Thomas Coleman was the original man of the name to be connected with the affairs of Nantucket. He came from Wittshire, England and landed in Boston June 3, 1635. He first settled in Newbury. According to the records of the town of Newbury he was engaged by Richard Saltonstall and others in England and America in November 1635, "for the keeping of horses and sheep in a general place for the space of three years." His work proved unsatisfactory, and each of the contractors was authorized to provide for his own. In the original purchase of the island of Nantucket, Thomas Coleman was chosen by John Swain as his partner. At what time he removed to the Island is not clear but evidently it was very early. It may be assumed that he was a resident as early as 1664.

Thomas Coleman's house lot" was 1,000 feet square, bounded on the north by the lot of Christopher Hussey, on the east by the Long Woods and on the south by the lot of Capt. Pyke." On his decease, the house and lot descended to Tobias, his son.

It is Thomas' son, John Coleman, who is named on the Settlers' monument above.

Peter Folger (The Town Clerk)

Peter Folger (1617–1690) was a poet and is more commonly known as the maternal Grandfather of Benjamin Franklin, and was instrumental in the colonization of Nantucket Island in the Massachusetts colony.

Peter Folger was born in Norfolk, England, son of John Folger, in 1617. He came to America in 1635 with his father, settling initially in Watertown, Massachusetts, and later moving to Martha's Vineyard,[1] where he worked as a teacher and surveyor. In 1644 He married Mary Morrill, whom he may have met on the voyage from England.[2] At the Vineyard Folger supported himself by teaching school and surveying land. He also worked with Thomas Mayhew to convert the native American population to Christianity, during which time he learned to speak the native language.

From time to time between 1659 and 1662, Folger journeyed to Nancucket in order to survey it for the proprietors. In 1663 Folger moved to Nantucket full time, having been granted a half a share of land by the proprietors, where he was a surveyor, an Indian interpretor, and clerk in the courts. Shortly thereafter, Folger's daughter, Abiah, was born, later to become the mother of Benjamin Franklin.[3]

A Baptist missionary, teacher, and surveyor his dealings with the native population promoted harmony between the Native Americans and European settlers. His grandson, Founding Father Benjamin Franklin, son of Peter's daughter Abiah, referred to him fondly in his autobiography.

Edward Starbuck (The Anabaptist)

Edward Starbuck, a native of Derbyshire, England, migrated to America after marrying his wife (of Wales). He settled at Dover, now in New Hampshire but then a part of the Province of Massachusetts Bay. The first mention made of him on the record is in 1643 when he is recorded to have received "a grant of forty acres of land on each side of the Fresh River at Cutchechoe."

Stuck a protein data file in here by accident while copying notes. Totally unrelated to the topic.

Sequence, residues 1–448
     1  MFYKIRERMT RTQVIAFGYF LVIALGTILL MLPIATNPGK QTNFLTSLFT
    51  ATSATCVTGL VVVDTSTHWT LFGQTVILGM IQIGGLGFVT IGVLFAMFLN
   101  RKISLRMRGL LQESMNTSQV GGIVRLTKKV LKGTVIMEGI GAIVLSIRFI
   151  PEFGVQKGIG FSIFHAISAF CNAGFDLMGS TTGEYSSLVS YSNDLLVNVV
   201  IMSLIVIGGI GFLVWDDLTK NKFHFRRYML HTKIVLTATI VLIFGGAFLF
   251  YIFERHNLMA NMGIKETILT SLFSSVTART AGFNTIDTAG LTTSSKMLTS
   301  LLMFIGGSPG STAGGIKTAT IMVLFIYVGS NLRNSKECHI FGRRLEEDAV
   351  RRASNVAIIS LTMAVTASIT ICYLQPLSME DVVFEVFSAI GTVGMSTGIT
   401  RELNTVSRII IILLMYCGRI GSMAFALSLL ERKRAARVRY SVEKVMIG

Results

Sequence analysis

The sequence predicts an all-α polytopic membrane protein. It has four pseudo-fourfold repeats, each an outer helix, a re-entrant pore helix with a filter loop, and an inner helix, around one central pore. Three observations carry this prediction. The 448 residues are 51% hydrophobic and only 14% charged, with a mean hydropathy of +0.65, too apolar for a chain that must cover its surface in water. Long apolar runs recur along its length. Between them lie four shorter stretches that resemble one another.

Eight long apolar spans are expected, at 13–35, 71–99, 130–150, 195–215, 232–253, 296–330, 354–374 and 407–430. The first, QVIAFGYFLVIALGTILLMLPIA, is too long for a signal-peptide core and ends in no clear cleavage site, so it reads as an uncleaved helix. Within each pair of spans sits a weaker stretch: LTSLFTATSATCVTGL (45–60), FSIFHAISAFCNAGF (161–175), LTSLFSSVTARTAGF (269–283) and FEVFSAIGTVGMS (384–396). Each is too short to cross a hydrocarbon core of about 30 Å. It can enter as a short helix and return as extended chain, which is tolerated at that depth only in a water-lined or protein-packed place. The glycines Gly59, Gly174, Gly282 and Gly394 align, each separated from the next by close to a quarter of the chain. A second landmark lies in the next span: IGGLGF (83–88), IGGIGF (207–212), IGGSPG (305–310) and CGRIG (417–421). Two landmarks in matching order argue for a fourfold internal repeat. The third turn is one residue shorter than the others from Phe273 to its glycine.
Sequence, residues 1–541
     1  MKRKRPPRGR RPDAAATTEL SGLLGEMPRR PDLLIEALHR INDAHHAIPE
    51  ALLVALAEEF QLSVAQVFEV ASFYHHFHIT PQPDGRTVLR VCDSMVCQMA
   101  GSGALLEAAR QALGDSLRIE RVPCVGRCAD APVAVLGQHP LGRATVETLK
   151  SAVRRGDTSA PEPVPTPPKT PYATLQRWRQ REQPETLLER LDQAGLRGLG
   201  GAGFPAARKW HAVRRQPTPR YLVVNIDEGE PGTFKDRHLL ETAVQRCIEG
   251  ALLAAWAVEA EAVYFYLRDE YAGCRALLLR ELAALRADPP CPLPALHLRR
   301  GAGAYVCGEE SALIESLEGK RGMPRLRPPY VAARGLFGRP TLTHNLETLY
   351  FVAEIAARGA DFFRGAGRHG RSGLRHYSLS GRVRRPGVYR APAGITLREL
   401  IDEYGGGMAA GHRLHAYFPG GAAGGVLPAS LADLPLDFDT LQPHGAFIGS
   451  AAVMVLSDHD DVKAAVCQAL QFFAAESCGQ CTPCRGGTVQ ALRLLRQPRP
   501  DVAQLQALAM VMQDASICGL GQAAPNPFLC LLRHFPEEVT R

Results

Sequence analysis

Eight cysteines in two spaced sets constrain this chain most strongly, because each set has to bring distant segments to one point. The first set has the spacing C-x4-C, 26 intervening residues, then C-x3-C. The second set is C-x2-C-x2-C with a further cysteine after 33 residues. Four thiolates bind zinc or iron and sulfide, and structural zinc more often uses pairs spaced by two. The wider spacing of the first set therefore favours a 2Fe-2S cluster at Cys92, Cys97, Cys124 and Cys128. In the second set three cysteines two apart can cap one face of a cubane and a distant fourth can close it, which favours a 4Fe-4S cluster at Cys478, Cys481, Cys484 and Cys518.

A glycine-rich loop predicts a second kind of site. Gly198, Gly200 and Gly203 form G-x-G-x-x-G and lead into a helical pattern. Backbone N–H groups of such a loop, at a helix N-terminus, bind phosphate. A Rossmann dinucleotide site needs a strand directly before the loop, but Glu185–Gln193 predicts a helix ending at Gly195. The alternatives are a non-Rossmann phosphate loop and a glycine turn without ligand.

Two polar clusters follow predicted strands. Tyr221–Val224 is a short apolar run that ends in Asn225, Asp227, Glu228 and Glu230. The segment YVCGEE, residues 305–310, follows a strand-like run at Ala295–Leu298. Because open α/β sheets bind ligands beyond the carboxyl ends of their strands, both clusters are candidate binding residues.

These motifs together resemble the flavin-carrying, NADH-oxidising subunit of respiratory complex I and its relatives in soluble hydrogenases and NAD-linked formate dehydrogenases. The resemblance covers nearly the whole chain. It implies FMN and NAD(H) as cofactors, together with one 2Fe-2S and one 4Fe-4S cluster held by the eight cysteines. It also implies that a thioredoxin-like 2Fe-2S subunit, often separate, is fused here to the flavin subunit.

On the 20th, 2 mo. 1644 it was ordered that Mr. Edward Starbuck, Richard Walderne & Wm. Furber be wearesmen for Cotcheco fall & river during their lives or so long as inhabitants. Various other grants were made to him, two of those being one of the Mill privilege at Cutchechoe 2nd Falls and one of timber to 'accomodate' in 1650. In "Landmarks in Ancient Dover" mention is made of Starbuck's Brook in 1701 as a boundary of property which Peter Coffin (son-in-law of Edward) conveyed to John Ham. Starbuck's Marsh was granted to Edward August 30, 1643, and Starbuck's Point and Marsh, now called Fabyan's Point, were granted to Edward in 1643. He is recorded several times as called on to be one of the "lot-layers." He was Representative in the General Court in 1643 and 1646, was an Elder in the church and in other ways enjoyed the respect and esteem of his fellow-citizens. In 1640, Edward was an agent for Mr. Valentine Hill and Partner with Richard Waldron in lumbering on the Me. side in 1648. In 1653 he sold 1/2 his sawmill gr. To Peter Coffin, in 1657 sold to Thomas Broughton 1/4 the mill above Capt. Waldron's mill at Cochecho.

In 1644 an act was passed by the General Court of Massachusetts Bay banishing from the Colony all who should either openly or privately oppose the baptism of infants. While the punishment meted out to some of the offenders was severe, banishment was not always inflicted. Edward Starbuck was one of those who subscribed to the proscribed doctrine and the record of the General Court, under the date of 18 October 1648, says: "This Court, being informed of great misdemener committed by Edward Starbucke, of Douer, with p'fession of Anabaptisme, for which he is to be p'ceeded agaynst at the next Court of Assistants, if evidence can be p'pared by that time, & it beinge very farre for wittnesses to travill to Boston at that season of the yeare, it is therefore ordered by this Court that the secritary shall give commission to Capt. Thomas Wiggan & Mr. Edw. Smith to send for such p'rsons as they shall haue notice of which are able to testifie in the s'd cause & to take theire testimonie uppon oath & certifie the same to the secritary so soone as may be, that further p'ceedings may be therein if the cause shall so require."